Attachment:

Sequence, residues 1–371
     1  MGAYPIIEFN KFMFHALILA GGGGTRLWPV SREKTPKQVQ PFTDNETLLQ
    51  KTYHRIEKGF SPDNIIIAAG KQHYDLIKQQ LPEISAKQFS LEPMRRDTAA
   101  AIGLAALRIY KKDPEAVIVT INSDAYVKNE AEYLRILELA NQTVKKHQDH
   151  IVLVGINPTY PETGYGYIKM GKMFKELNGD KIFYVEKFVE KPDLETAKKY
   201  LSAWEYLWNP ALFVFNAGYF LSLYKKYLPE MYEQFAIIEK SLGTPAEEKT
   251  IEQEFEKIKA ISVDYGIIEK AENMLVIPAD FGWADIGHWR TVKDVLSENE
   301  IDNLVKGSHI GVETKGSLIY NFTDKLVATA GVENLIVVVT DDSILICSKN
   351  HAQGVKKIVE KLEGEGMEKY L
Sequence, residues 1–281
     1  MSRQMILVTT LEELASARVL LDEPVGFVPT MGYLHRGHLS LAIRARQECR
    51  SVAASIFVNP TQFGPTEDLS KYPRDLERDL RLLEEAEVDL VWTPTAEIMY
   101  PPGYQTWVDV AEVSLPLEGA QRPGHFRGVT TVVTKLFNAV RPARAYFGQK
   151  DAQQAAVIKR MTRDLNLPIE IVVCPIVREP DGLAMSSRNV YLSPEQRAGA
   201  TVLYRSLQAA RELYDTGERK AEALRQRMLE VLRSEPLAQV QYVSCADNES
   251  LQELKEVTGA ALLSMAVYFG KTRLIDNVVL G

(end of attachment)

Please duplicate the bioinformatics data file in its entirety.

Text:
Sequence, residues 1–371
     1  MGAYPIIEFN KFMFHALILA GGGGTRLWPV SREKTPKQVQ PFTDNETLLQ
    51  KTYHRIEKGF SPDNIIIAAG KQHYDLIKQQ LPEISAKQFS LEPMRRDTAA
   101  AIGLAALRIY KKDPEAVIVT INSDAYVKNE AEYLRILELA NQTVKKHQDH
   151  IVLVGINPTY PETGYGYIKM GKMFKELNGD KIFYVEKFVE KPDLETAKKY
   201  LSAWEYLWNP ALFVFNAGYF LSLYKKYLPE MYEQFAIIEK SLGTPAEEKT
   251  IEQEFEKIKA ISVDYGIIEK AENMLVIPAD FGWADIGHWR TVKDVLSENE
   301  IDNLVKGSHI GVETKGSLIY NFTDKLVATA GVENLIVVVT DDSILICSKN
   351  HAQGVKKIVE KLEGEGMEKY L
Sequence, residues 1–281
     1  MSRQMILVTT LEELASARVL LDEPVGFVPT MGYLHRGHLS LAIRARQECR
    51  SVAASIFVNP TQFGPTEDLS KYPRDLERDL RLLEEAEVDL VWTPTAEIMY
   101  PPGYQTWVDV AEVSLPLEGA QRPGHFRGVT TVVTKLFNAV RPARAYFGQK
   151  DAQQAAVIKR MTRDLNLPIE IVVCPIVREP DGLAMSSRNV YLSPEQRAGA
   201  TVLYRSLQAA RELYDTGERK AEALRQRMLE VLRSEPLAQV QYVSCADNES
   251  LQELKEVTGA ALLSMAVYFG KTRLIDNVVL G